Time to create the cloud resources with Terraform. This setup assumes you have an admin role. Clone the repo and cd in the Terraform directory to create the resources.

Expand for Terraform resources

First we create the role, we add an extra principal to allow you to switch to the role used by the Lambda.

locals {
  namespace = "blog"

resource "aws_sqs_queue" "test" {
  name = "${local.namespace}-test"

resource "aws_iam_role" "Lambda" {
  name               = "${local.namespace}-test"
  assume_role_policy = data.aws_iam_policy_document.assume.json

data "aws_caller_identity" "current" {}

data "aws_iam_policy_document" "assume" {
  statement {
    actions = ["sts:AssumeRole"]

    principals {
      type        = "Service"
      identifiers = [""]

    # Assume you have admin rights, this allows you to switch locally to this role.
    principals {
      type        = "AWS"
      identifiers = ["arn:aws:iam::${data.aws_caller_identity.current.account_id}:root"]

Next, we create a policy that grant the Lambda the required access to AWS resources, in this example the SQS queue.

resource "aws_iam_role_policy" "sqs" {
  name   = "runner-ssm-session"
  role   =
  policy = data.aws_iam_policy_document.sqs.json

data "aws_iam_policy_document" "sqs" {
  statement {
    actions = [

    resources = [

Finally we print the outputs required later.

output "test" {
  value = {
    queue_url   = aws_sqs_queue.test.url
    Lambda_role = aws_iam_role.Lambda.arn

Ensure you are logged in to AWS and have the correct profile active, now run:

terraform init
terraform apply

Your output should look like this:

Apply complete! Resources: 3 added, 0 changed, 0 destroyed.


test = {
  "lambda_role" = "arn:aws:iam::<ACCOUNT_ID>:role/test/blog-test"
  "queue_url" = "<ACCOUNT_ID>/blog-test"

The last step of the cloud setup is to configure your AWS profile in <user_home>/.aws/config. This profile make it easy to assume (switch) the role we have created to execute the Lambda.

[profile admin-role]
region = eu-west-1

[profile blog-test]

As alternative of setting up a role you can invoke the STS services to obtain credentials for the Lambda execution role.

role=$(aws sts assume-role --role-arn "$role_arn" \
    --duration-seconds 3600 --role-session-name "test")

export AWS_ACCESS_KEY_ID=$(echo $temp_role | jq -r .Credentials.AccessKeyId)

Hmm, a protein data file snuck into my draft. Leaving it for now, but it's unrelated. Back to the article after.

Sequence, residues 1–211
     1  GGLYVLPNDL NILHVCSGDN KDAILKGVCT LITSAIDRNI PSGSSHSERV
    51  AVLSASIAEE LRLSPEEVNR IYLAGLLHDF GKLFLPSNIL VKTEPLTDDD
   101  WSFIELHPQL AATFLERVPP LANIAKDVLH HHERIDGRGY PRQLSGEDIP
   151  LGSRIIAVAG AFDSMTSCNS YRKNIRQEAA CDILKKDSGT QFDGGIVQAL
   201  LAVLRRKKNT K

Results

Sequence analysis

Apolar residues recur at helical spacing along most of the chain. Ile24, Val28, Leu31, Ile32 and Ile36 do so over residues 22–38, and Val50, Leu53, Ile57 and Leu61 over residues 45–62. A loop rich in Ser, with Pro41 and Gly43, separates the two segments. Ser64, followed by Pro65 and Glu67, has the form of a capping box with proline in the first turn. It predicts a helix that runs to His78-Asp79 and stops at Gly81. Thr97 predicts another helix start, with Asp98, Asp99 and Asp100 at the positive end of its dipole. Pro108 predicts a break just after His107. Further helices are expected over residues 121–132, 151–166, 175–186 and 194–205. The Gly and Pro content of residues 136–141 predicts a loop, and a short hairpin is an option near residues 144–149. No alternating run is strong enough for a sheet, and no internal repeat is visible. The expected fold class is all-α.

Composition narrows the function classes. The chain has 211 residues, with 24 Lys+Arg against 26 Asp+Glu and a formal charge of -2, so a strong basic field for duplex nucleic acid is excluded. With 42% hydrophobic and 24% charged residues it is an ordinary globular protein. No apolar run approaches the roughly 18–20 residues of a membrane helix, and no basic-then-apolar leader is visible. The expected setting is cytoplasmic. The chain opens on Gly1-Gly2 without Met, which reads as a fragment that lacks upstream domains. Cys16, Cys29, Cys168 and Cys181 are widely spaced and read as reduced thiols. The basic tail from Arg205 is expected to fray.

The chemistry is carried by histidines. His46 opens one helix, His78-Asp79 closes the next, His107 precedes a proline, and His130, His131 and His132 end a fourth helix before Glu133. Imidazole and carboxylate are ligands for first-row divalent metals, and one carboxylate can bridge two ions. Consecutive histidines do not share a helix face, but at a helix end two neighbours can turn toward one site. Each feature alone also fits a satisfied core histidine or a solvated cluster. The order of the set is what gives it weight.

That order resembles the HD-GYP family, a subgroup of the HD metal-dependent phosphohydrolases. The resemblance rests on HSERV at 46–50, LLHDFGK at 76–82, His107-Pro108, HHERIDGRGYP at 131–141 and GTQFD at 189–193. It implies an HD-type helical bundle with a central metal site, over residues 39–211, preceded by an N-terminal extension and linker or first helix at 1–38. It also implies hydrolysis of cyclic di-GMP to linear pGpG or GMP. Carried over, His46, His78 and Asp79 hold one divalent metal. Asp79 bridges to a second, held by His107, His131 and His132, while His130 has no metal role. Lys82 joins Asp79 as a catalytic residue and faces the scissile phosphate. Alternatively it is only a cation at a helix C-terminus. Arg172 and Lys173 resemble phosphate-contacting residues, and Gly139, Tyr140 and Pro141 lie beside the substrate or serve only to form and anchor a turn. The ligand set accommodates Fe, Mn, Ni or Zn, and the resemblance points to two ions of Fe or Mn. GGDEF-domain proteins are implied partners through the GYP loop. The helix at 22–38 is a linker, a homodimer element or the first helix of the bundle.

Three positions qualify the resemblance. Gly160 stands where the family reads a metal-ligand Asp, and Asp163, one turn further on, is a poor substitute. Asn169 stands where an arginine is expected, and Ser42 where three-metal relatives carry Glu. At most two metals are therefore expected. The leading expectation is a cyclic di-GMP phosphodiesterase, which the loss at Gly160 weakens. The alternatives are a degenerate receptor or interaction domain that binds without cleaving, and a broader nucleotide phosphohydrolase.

export AWS_SECRET_ACCESS_KEY=$(echo $temp_role | jq -r .Credentials.SecretAccessKey)
export AWS_SESSION_TOKEN=$(echo $temp_role | jq -r .Credentials.SessionToken)

By now you should have created a SQS queue and a role for Lambda in your AWS account. There is no Lambda deployed at all. You can test your setup with the AWS CLI.

# send
aws sqs send-message --queue-url <QUEUE_URL> --message-body "Test" --blog-test

# receive with wrong profile, so causes an error
aws sqs receive-message --queue-url <QUEUE_URL> --profile blog-test

# receive with your admin role
aws sqs receive-message --queue-url <QUEUE_URL> --profile admin-role

# purge messages on the queue, should be empty but already
aws sqs purge-queue --queue-url <QUEUE_URL> --profile admin-role

Enough said about creating infra and testing, remember we just showed a way to create the cloud resources with IaC. Feel free to use your own preferred (or required) framework.

Testing locally

For running the Lambda locally, we explore several options. Let’s first list them briefly. The list will not be complete but should include the most logical options.

  • Using NodeJS: Running the Lambda locally in NodeJs, for example using a watcher like nodemon. Invoking the Lambda needs to be faked by calling the handler function.

  • Using SAM: Run the Lambda function using AWS Serverless Application Model (SAM). The function will run via SAM and we can just pass an event to the function, similar to running in the cloud.

  • Using Serverless Framework: Like AWS SAM, the Serverless framework simplifies the process of building Serverless applications, including Lambda. The framework also provides an option to run the function locally.


We try to keep as close to the NodeJS ecosystem. To run the Lambda locally we will start a small wrapper program via a nodemon watcher to invoke the Lambda on every single code change. Or just start the program after each change without a watcher.

Generate the sample event with SAM. Note that the sample event does not match the TypeScript definition of the event, the version property was missing.

sam local generate-event cloudwatch scheduled-event